In his bestseller "Inside U.S.A.," the hugely readable journalist John Gunther described America as it was in the last year of World War II. He interviewed hundreds of politicians, businessmen and journalists, but only four men rated a separate chapter -- three politicians and Henry J. Kaiser, the California construction magnate who built dams and ships and manufactured concrete and steel and aluminum.
Kaiser was, Gunther wrote, "tough, creative, packed with ideas and energy, above all a man who likes to make things." But he was also, he noted, a "link of enterprise by government, since government was on his side."
That was putting it mildly. Kaiser hired Tommy Corcoran, a brilliant former aide to Franklin Roosevelt, to open doors and got a $645 million contract to build ships and $28 million financing to manufacture magnesium. Corcoran, according to the first-rate biography by longtime Democratic staffer David McKean, got $200,000 in fees. Believe it or not, that was a lot of money in Washington in the 1940s.
Government spent a lot of money in World War II -- and mostly spent it well. Kaiser delivered on his contracts and even managed to build ships out of concrete, most of which did not sink. But, as always happens when government is shoveling out money, lobbyists thrived.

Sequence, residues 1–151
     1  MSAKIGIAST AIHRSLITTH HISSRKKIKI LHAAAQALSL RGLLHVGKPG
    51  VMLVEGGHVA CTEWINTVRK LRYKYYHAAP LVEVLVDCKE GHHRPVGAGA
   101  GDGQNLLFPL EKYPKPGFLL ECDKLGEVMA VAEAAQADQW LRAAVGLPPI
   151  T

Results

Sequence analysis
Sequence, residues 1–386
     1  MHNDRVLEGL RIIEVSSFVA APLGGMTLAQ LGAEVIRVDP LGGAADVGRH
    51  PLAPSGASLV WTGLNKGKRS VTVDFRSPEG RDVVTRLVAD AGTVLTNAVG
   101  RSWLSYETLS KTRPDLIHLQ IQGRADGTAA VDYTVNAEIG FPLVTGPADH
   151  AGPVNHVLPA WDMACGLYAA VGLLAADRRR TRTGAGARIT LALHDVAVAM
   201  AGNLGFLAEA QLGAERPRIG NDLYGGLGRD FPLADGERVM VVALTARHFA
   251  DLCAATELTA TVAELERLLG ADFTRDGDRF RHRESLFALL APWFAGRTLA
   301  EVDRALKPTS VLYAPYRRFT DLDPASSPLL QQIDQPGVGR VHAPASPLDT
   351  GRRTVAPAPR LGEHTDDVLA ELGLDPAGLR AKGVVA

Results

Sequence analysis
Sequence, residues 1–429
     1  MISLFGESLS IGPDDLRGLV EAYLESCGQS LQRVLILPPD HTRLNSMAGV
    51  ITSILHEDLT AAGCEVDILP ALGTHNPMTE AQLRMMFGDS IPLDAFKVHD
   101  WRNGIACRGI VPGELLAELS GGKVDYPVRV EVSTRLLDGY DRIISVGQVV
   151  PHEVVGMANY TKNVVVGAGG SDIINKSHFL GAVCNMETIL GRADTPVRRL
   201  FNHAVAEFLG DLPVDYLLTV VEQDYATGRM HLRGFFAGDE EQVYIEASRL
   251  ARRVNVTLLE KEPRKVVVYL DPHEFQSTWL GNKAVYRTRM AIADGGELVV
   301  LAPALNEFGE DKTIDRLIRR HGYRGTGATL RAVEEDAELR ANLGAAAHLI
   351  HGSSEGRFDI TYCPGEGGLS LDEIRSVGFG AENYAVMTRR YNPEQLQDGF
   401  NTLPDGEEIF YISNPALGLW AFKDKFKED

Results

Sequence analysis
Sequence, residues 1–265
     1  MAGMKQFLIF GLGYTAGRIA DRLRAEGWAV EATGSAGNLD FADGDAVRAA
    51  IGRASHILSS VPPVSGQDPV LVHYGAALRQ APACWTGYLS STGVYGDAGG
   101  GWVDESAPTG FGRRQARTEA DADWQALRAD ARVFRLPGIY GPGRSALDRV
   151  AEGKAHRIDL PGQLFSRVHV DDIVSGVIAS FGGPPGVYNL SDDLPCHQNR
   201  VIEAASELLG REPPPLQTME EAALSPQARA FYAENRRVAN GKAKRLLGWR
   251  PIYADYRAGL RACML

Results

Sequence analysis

Fast forward to the present day. Lobbyists, reports the Center for Responsive Politics, had a record 2009 in Barack Obama's Washington. Despite candidate Obama's promises to shun them, they raked in $3,470,000,000. Somewhere up there, Tommy Corcoran is chuckling.
Last week, amid Washington's blizzards, Obama was asked about the $17 million bonus awarded to JPMorgan Chase CEO Jamie Dimon and the $9 million bonus for Goldman Sachs CEO Lloyd Blankfein.
"I know both these guys; they are very savvy businessmen," he said. "I, like most of the American people, don't begrudge people success or wealth." So much for campaign-trail denunciations of "fat cat" bankers and bloated bonuses.